Book Review: Banks’s Is Marriage for White People? How African American Marriage Decline Affects Everone
Richard Banks,Is Marriage for White People? How African American Marriage Decline Affects Everyone (Dutton 2011).
A half century ago, high rates of marriage were close to universal. The one notable exception – and the subject of alarm in a much vilified report by Daniel Patrick Moynihan in 1965 – involved lower class African-Americans, whose divorce rates were high and non-marital birth rates were rising. Today, marriage has emerged as a marker of class for the country as a whole. For the first time ever, fewer than half of all households consist of married couples. Moreover, just like access to health care, stable employment, and higher education, access to marriage has become a class-based affair. According to the National Marriage Project, the likelihood of marrying, staying married and raising children within marriage correlates strongly with education. Compared to twenty years ago, the likelihood that a fourteen-year old girl will be in a family with both parents has risen for the children of college graduates and fallen substantially for everyone else. In the midst of cries of alarms about family decay, marital stability has increased for college graduates with declining divorce rates and non-marital birth rates that have stayed below ten percent. As in 1965, however, the notable exception to the rosy picture for family stability, at least for the elite, comes from African-Americans. While the white non-marital birth rate for college graduates has stayed at 2%; for African-American college graduates, the numbers are rising and now approach the 25% level that caused such alarm at the time of the Moynihan report. National Marriage Project, fig. S.2, p. 56.
Stanford Law Professor Richard Banks, in a book that has already triggered fireworks, courageously addresses the issue. In Is Marriage for White People? How the African American Marriage Decline Affects Everyone, he points out the enormous disparity between the marriage rates of black men and black women and the fact that the issue is no longer one limited to the black underclass. While marriage has effectively disappeared from the poorest communities (the non-marital birth rates for black high school dropouts is 96%), Banks’ concern is successful African-American women. Their marriage rates have been dropping, and their dissatisfaction with the behavior of black men is the subject of plays, movies and Banks’ book. Banks’ explanation is straightforward: black women have been so disproportionately successful that they outnumber the men. So, too, is his solution. He writes the book to argue that the only realistic choice for African-American women is to marry outside the race and as a prominent African-American male, he is effectively giving them permission.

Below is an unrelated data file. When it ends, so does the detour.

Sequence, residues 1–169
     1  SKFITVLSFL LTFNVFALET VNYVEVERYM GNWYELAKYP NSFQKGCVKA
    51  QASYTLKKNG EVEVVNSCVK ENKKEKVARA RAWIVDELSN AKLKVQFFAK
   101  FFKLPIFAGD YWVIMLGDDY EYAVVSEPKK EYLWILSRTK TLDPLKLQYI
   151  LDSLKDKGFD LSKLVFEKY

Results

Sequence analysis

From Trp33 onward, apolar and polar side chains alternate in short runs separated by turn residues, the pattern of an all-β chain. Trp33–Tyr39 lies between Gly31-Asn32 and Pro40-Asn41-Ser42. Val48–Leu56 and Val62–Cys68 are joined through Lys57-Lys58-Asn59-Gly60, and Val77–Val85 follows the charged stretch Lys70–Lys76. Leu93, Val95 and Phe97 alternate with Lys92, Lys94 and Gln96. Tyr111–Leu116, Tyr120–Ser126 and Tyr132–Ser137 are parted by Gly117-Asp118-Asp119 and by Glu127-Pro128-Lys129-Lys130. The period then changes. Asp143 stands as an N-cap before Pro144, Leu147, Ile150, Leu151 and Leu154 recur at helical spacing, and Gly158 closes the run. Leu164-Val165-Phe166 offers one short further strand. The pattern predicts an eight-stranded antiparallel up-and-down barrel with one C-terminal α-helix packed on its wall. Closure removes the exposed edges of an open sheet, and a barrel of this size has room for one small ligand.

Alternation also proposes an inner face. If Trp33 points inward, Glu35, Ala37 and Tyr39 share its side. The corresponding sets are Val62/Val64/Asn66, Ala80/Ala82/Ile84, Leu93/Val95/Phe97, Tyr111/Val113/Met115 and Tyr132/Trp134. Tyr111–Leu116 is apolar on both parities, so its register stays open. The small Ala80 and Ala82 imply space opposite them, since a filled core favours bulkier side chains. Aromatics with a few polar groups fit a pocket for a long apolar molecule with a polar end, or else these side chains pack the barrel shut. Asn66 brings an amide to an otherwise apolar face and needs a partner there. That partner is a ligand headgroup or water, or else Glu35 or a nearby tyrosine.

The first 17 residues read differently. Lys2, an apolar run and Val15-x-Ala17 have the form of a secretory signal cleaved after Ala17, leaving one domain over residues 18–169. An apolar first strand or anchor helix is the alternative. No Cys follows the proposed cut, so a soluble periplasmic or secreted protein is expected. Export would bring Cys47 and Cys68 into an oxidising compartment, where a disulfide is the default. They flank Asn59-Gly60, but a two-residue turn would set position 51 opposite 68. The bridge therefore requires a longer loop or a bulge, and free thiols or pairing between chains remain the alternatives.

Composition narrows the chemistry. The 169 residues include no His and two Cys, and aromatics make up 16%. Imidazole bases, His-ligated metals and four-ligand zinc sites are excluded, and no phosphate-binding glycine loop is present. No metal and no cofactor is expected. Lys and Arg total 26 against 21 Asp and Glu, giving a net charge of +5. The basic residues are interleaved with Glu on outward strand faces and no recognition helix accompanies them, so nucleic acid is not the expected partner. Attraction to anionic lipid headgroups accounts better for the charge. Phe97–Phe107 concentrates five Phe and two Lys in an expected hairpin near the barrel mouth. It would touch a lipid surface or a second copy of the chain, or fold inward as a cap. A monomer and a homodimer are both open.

While Banks does an exceptional job describing the plight of the most talented African-American women (the book has good stories in addition to its good statistics), he punts on a number of issues. He treats the behavior of the men as a consequence of the numbers game and, rather than exhort black men to do better by their women, he addresses the book to the women – give up, if you can, on racial exclusivity and the men, facing a more competitive market, will have to come around. He also does not question the importance of marriage. Some would celebrate the freedom to create a variety of family relationships and associate higher rates of marriage with male dominance. On this issue, Banks gets a pass. He does not take on the larger issue of family organization. Instead, he addresses the pain of well-educated African-American women who want a committed partner in their lives and are frustrated in their inability to find one.